FAIRPORT — Jeff Tunnicliff’s life is, rather literally, an open book.
The 35-year-old Tunnicliff’s personal Web site (www.geocities.com/jstunnicliff/) is an engaging autobiographical account through which visitors can learn about his childhood in the Southern Tier; his career in engineering; and the process that led to his present state in life — that of a seminarian studying for the diocesan priesthood.
Tunnicliff’s Web anecdotes and reflections don’t shy away from such personal struggles as his lack of involvement in church for several years, or an unsettled upbringing due to his parents’ divorce.
“It’s part of who I am. It shapes who I am and how I can help people,” he stated.
These days, Tunnicliff is helping the people of Church of the Assumption in Fairport, where he is serving his pastoral year under the guidance of Father Ed Palumbos, pastor. He thrives in a number of capacities, including funeral ministry, sacramental preparation, social ministry and stewardship.
“I’m very busy,” he said. “I’m trying to be involved in several different things; I want to do as much as possible.”
Yet Tunnicliff said he has come to recognize the need to sometimes hold this desire in check: “As a priest, there’s a sense of being involved in everything — but you can’t do everything.”
For instance, he sees the value of simply offering a comforting presence and good listening skills, such as when he meets with a grieving family. “Sometimes it’s better to ‘be’ than it is to ‘do,'” he remarked.
Tunnicliff said he plans to empower the laity in his ministerial responsibilities, saying he will regard any church to which he’s assigned as “very much the people’s parish.” He observed that such an approach is vital in this day and age, given the steadily declining availability of full-time diocesan priests.
“I’m certainly in the midst of this. Maybe part of my calling is how do we deal with this. We are reaching a critical point now,” he said, adding that he’s concerned about having so many sacramental obligations that he can’t develop meaningful ties within parish communities.
One obvious solution is an increase in priestly vocations — an urgent need being emphasized during National Vocations Awareness Week Jan. 9-14. Tunnicliff is doing his part by assisting Father Palumbos in developing a vocations-awareness team at Church of the Assumption.
“I’d like to think that more vocations are out there; we just have to figure out how to get them,” he said. “I think there’s some message that’s not getting out. Is priesthood a good thing right now? Yes, I think it is.”
Tunnicliff added that the requirement of celibacy makes priesthood and religious life countercultural options in modern society.
Carol Dady, diocesan coordinator of priesthood vocations awareness and discernment, said she’s very impressed with Tunnicliff’s efforts at promoting vocations.
“I wish we could share Jeff’s passion and energy on this topic with every parish. It’s important that education and promotion be done on the parish level, because that’s where the vocations will come from,” Dady commented.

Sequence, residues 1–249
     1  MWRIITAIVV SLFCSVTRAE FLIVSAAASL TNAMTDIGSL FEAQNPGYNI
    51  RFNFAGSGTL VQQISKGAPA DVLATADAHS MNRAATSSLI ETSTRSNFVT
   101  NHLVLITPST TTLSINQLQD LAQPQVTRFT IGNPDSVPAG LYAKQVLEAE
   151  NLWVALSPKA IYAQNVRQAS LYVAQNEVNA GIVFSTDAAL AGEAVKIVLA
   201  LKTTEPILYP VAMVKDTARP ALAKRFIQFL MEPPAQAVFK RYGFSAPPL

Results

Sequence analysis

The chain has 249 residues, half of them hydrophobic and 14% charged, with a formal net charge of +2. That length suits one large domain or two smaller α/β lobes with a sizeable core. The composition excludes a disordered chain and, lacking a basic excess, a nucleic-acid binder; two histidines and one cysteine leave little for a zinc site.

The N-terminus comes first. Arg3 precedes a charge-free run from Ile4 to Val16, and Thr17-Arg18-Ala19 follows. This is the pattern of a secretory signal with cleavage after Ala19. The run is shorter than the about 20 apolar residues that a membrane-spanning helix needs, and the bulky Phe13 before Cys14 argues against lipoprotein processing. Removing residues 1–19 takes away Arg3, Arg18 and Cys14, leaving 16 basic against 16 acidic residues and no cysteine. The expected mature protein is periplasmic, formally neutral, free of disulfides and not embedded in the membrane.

A Southern Tier parish, Schuyler Catholic Community (St. Mary of the Lake, Watkins Glen, and St. Benedict’s, Odessa), inspired Tunnicliff toward a religious vocation in the late 1990s, when he went back to church for the first time in 15 years. Tunnicliff said he received invaluable support from the late Father David Bonin, pastor, as well as Sister Catherine P. Theiss, CSJ, the pastoral associate.
Tunnicliff’s return to the church occurred while Father Bonin, a diabetic, was losing his eyesight. Tunnicliff often assisted him on the altar during Mass, and got a rather unique view of the priesthood as a result: “Being up there, I tended to be mindful of what’s going on. It was affirming after being away from the church for so long.”
Tunnicliff was inspired by the perseverance of Father Bonin, who died in March of 2002. “This says something about his priesthood, to see that he kept going,” he said. “I often think that if he hadn’t been at St. Mary of the Lake, the call (to Tunnicliff’s own vocation) would have been very different.”
Tunnicliff entered Becket Hall, the diocesan pre-theology program, in 2000. After he wraps up his pastoral year this coming August, he will return to Washington, D.C., for two more years of seminary studies at Catholic University of America’s Theological College. He is due to be ordained a transitional deacon in 2006, one year before his ordination as a diocesan priest.
Tunnicliff stressed that a path to vocation can take many forms. Above all, he said, young men and women should strive for a life of helping others whether it’s through marriage, priesthood or full-time employment. This ideal is reflected in the Prayer of St. Francis, which Tunnicliff displays on the home page of his Web site.
“In society, we’ve lost a sense of vocation. It’s more, what job can I get to make enough (money) to get to where I want in life? I tend to think of it as, how can I contribute to the greater good?” he said.
Dady shares Tunnicliff’s perspective. “While we place a special emphasis on the vocation to ordained priesthood, the message we are promoting is that we all have a vocation. God has a unique plan for each of us and has given us the gifts we need to accomplish the indispensable task that will bring us happiness and serve God’s kingdom. I don’t know how often we think of our life’s work in that way.”
Thus far, Tunnicliff is happy and confident that he will accomplish this ideal through the priesthood.
“I continue to go in the right direction,” he said. “Coming back into the church — and how much better it is to have God active in my life — I want to share that with people.”